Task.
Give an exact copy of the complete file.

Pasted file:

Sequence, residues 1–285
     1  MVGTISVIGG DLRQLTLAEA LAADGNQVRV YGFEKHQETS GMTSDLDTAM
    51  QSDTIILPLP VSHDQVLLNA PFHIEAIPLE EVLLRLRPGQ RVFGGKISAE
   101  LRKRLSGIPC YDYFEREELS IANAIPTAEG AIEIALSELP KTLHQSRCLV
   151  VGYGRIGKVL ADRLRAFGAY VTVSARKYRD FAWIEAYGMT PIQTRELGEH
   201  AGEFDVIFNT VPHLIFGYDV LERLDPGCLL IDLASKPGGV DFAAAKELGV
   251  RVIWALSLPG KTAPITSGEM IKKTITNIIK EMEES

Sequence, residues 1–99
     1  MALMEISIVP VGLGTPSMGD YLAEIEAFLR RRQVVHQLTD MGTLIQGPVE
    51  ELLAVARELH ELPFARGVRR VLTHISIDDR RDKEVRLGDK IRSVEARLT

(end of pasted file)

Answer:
Sequence, residues 1–285
     1  MVGTISVIGG DLRQLTLAEA LAADGNQVRV YGFEKHQETS GMTSDLDTAM
    51  QSDTIILPLP VSHDQVLLNA PFHIEAIPLE EVLLRLRPGQ RVFGGKISAE
   101  LRKRLSGIPC YDYFEREELS IANAIPTAEG AIEIALSELP KTLHQSRCLV
   151  VGYGRIGKVL ADRLRAFGAY VTVSARKYRD FAWIEAYGMT PIQTRELGEH
   201  AGEFDVIFNT VPHLIFGYDV LERLDPGCLL IDLASKPGGV DFAAAKELGV
   251  RVIWALSLPG KTAPITSGEM IKKTITNIIK EMEES

Sequence, residues 1–99
     1  MALMEISIVP VGLGTPSMGD YLAEIEAFLR RRQVVHQLTD MGTLIQGPVE
    51  ELLAVARELH ELPFARGVRR VLTHISIDDR RDKEVRLGDK IRSVEARLT